Twenty-Third Sunday After Pentecost: November 17, 2019
Year C, Proper 28: Isaiah 65:17-25; Canticle 9; 2 Thessalonians 3:6-13; Luke 21:5-10
At the time of posting, there was no audio recording of this sermon.
“Surely, it is God who saves me; I will trust in Him and not be afraid”.
Surely, it is God who saves me; I will trust in him and not be afraid.
These are reassuring words that we hear in our Canticle today, a canticle that is often said during Morning Prayer.
The words in our Gospel from Luke are a little less reassuring. “Nation will rise against nation, and kingdom against kingdom…” There are those who claim that is what is happening before our eyes in the world today.
This morning’s gospel has Jesus in Jerusalem, talking with his disciples about the destruction of the Temple. Now Jesus is talking to his disciples sometime during his public ministry so it’s in the years 30-33. At that time the temple was pretty new and solid-looking—it had been rebuilt by Herod the Great, just a few decades before. But Jesus says not even one stone would be left in place—there would be utter destruction.
We’re hearing in Luke what we call apocalyptic literature. This section of the Gospel of Luke is a picture of chaos, violence, and fear.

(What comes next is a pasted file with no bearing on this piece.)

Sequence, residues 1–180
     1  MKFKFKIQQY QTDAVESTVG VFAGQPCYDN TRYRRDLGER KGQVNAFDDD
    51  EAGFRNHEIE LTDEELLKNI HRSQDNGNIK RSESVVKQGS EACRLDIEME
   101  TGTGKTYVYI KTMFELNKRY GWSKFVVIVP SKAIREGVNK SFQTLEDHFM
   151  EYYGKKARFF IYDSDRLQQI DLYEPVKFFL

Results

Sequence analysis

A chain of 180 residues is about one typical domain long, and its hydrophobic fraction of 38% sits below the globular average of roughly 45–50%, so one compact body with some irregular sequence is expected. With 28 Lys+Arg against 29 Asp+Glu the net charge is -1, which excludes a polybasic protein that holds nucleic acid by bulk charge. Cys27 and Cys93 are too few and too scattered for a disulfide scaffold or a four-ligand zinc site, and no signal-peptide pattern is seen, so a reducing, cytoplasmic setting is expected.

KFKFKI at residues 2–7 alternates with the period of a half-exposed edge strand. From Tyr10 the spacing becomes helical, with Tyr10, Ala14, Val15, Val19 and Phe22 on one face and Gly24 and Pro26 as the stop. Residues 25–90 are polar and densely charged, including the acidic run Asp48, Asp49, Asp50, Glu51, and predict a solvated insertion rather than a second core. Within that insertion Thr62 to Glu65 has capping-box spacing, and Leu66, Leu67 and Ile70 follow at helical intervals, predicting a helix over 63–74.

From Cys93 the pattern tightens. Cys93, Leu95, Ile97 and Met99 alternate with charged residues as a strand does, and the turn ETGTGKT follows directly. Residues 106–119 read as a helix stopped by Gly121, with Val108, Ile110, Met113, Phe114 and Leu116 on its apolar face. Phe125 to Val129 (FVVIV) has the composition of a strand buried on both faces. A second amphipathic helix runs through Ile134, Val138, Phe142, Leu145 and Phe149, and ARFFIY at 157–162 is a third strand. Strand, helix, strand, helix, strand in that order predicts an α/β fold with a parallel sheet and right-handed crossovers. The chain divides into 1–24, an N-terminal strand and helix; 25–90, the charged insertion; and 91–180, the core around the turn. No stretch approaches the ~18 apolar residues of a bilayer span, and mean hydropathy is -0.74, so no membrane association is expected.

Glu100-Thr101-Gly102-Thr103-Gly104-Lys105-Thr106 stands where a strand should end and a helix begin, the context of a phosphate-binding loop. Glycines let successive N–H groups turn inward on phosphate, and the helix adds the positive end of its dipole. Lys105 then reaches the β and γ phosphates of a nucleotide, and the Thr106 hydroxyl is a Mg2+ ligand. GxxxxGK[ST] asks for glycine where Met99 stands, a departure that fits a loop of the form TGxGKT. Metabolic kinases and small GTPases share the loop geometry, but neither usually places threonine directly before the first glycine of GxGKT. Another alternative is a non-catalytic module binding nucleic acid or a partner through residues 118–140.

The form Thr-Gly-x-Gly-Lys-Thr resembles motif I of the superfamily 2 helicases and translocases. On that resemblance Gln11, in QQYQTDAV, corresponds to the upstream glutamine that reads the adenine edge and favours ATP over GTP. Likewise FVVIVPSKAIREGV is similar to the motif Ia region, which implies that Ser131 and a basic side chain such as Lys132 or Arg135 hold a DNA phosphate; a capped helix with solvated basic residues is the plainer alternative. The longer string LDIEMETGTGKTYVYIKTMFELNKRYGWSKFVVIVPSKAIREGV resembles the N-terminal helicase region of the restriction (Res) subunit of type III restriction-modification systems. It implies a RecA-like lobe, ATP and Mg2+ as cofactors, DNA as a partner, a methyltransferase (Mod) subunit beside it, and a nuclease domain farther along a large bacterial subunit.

By the time the Gospel of Luke was actually written down, which was almost a half-century after, the scenes in this lesson were happening, it wasn’t simply rhetorical. The temple in Jerusalem had been destroyed by the Romans and those who were now calling themselves Christians were sometimes finding themselves dragged in front of magistrates and others, imprisoned, persecuted or beaten.
So when Jesus says:
“But before this occurs, they will arrest you and persecute you; they will hand you over to congregations and prisons and you will be brought before kings and governors because of my name…”
the readers of the Gospel of Luke knew that it was not just rhetorical – there were real things to be afraid of.
Jesus also said to those who were facing arrest and persecution:
“This will give you an opportunity to testify. So make up your minds not to prepare a defense in advance.”